Avolio: I think women have to be more dominant in this particular period of time. Very few people at Hewlett-Packard would say that [Chairman and CEO] Carly Fiorina doesn't have Command. But I do think that the numbers of women in very senior positions throughout industry and government are changing ideas in this country -- and eventually globally.
GMJ: What's an example of that?
Avolio: I vaguely remember Eisenhower when I was growing up, I remember Kennedy somewhat, and I remember Johnson very vividly. But I never remember any of them crying. And yet it seems like our president can cry now, and it's okay. Earlier, tears would have been perceived as a tremendous weakness, whereas right now it seems so much more acceptable. And I think what's happened is that more women have entered into these very senior positions, allowing us to all be more in touch with our basic emotions. And leadership itself has changed. You might say that leaders have become more androgynous -- they can be understanding, and they can also be very tough.
GMJ: Every day, you hear about some new and horrible business scandal. It seems as if the robber barons have given up on the public and have started robbing their own businesses. These leaders are terrible examples of self-interest, yet leaders have to have a certain amount of self-interest to perform, don't they?
Avolio: Well, at the very base, self-interest is about survival. But in a world where survival isn't the only issue, leaders must make decisions that aren't necessarily based just on self-interest. And sometimes leaders must ask people to ignore what's best for themselves -- that's one of the fundamental challenges that every leader at every level has to face. But they also have to take into consideration the impact that will have on those people. These are the trade-offs that leaders make all the time, and those who aren't even at the level of enlightened self-interest will have much greater difficulty taking their organizations to the next level to sustain verifiable growth and performance.
GMJ: It sounds like leaders have to make painful choices, sacrifices.
Avolio: Leadership requires strengths-based leaders who build a sense of identification with the mission in their people and who realize that sometimes, leaders must sacrifice and allow others to push the mission forward. That's a huge challenge. It's a real sacrifice. But to me, that's what leadership is about. Leaders make choices and sacrifices to focus on something they want to accomplish. Thinking about great successes, it often took a huge sacrifice to create a great accomplishment.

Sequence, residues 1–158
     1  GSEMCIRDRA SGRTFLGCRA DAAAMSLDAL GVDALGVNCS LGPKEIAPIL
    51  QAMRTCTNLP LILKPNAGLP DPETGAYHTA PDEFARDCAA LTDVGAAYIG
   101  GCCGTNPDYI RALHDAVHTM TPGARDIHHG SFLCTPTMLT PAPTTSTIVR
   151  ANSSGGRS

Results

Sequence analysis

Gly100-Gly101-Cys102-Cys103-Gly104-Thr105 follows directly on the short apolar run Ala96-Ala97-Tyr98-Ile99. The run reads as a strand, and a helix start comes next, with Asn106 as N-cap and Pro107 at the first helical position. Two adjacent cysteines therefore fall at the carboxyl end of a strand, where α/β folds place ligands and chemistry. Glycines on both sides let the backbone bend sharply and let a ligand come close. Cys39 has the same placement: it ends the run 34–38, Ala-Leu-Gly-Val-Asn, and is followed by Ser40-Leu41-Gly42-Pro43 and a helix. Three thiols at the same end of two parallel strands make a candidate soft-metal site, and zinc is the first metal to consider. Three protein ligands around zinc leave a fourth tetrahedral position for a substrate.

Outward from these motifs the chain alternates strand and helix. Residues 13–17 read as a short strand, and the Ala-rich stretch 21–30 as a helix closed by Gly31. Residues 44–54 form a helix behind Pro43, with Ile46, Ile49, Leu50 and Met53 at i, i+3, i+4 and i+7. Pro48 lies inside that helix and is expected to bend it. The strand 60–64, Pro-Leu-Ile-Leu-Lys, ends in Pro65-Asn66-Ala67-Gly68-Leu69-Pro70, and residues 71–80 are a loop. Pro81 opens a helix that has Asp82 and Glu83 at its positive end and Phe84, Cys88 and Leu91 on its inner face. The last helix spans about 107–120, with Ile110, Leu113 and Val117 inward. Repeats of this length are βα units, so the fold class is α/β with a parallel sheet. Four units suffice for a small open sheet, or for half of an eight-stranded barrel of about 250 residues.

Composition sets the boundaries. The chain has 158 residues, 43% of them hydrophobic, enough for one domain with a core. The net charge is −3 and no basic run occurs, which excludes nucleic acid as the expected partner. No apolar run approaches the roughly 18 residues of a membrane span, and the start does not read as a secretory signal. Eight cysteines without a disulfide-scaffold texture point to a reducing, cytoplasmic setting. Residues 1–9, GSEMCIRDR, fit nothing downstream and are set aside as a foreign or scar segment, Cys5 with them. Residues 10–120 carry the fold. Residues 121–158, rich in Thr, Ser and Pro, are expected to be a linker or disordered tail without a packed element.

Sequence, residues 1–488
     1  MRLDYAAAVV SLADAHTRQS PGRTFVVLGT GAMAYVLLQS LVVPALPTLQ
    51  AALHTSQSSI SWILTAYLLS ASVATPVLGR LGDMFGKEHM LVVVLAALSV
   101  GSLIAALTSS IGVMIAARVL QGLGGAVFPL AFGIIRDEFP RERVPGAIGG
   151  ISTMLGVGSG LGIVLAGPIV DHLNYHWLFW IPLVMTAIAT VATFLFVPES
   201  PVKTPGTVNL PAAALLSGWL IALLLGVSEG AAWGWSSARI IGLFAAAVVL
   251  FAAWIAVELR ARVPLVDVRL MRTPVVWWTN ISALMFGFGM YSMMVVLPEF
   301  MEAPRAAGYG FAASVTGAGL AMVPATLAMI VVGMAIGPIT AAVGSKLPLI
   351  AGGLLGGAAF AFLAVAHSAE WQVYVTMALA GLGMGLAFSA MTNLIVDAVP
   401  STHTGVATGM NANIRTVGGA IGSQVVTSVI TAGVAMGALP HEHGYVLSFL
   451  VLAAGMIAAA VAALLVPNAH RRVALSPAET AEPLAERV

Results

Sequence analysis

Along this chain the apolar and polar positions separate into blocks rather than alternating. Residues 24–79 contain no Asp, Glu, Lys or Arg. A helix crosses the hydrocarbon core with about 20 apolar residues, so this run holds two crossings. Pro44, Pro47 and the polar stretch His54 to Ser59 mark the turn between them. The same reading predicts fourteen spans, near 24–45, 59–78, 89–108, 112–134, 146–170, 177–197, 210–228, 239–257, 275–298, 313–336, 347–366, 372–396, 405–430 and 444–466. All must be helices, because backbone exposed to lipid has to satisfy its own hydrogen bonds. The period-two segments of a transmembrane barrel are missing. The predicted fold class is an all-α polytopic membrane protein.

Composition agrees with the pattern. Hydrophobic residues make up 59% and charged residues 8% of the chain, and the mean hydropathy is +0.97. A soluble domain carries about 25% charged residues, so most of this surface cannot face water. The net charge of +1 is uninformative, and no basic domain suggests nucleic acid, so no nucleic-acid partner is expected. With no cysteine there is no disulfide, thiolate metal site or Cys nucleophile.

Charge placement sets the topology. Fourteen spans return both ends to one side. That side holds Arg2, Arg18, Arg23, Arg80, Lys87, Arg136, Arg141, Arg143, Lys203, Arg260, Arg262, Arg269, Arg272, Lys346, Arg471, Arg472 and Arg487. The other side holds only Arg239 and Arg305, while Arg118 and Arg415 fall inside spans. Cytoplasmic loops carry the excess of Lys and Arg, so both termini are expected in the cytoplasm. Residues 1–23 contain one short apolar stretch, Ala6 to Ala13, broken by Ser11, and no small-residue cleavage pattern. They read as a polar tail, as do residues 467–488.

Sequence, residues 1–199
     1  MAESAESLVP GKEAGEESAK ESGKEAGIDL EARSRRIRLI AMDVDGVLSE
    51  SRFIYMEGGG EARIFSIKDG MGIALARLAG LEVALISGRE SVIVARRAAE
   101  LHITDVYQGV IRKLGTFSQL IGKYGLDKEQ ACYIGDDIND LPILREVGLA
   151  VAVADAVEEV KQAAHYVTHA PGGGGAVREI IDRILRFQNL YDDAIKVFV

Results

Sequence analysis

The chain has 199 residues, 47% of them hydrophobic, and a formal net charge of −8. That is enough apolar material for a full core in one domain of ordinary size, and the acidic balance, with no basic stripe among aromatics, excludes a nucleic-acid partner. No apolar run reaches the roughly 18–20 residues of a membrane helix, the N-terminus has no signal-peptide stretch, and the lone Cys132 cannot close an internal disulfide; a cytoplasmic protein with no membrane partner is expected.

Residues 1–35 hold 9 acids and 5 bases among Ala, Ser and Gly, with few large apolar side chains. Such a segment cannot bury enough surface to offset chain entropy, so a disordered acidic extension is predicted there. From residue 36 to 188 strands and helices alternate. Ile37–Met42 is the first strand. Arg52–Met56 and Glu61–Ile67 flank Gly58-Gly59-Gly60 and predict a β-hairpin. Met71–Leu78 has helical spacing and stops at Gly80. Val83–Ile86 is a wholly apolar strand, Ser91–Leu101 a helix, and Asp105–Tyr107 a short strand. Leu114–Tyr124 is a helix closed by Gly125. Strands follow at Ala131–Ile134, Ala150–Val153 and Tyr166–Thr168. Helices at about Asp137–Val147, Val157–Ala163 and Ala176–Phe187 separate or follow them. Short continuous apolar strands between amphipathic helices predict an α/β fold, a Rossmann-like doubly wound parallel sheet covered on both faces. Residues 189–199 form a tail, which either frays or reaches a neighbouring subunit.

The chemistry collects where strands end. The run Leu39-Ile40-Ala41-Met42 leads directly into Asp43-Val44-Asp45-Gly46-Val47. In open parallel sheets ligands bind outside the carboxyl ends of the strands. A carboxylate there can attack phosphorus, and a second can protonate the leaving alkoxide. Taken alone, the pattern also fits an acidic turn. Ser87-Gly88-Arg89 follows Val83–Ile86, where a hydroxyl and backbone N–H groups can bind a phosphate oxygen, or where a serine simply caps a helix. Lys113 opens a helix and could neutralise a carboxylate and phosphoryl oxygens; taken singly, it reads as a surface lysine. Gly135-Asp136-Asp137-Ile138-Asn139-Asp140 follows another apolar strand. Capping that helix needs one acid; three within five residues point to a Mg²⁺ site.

GMJ: How does the idea of their legacy affect leaders?
Avolio: A key element of leadership is how leaders frame things. Dictators frame things to control people: "I'm going to control you because that's the only way I can accomplish my desires." But the kind of leader people want to follow frames the world differently, in a way that leverages others' potential. These leaders understand that they can't control things beyond their life limits. If they want to have an impact, then they're going to have to change some of the things they do. They understand that if they don't have people's trust, if they only control the direction their followers are going, they have no chance at building a sustainable legacy. Basically, once they're gone, their followers will knock down their statues and move on.
GMJ: Do you have to trust your leader to perform? Or is it enough to trust the mission?
Avolio: Well, leadership without trust is a false sense of influence. Trust is at the center of what influential leadership is about. Identification with a leader is a profound part of trust that in turn creates trust in the mission. Throughout history, leaders have had followers who have identified with them so much, they've been willing to give up their lives for the cause or mission. Those feelings of trust and identification are universal -- whether it's a soldier, a nurse in a hospital, or an employee for the railroad. If people truly believe in the organization and identify with its leadership, they'll work as hard as it takes to do what needs to be done. That's an awesome form of control -- and it comes from the inside out.
-- Interviewed by Jennifer Robison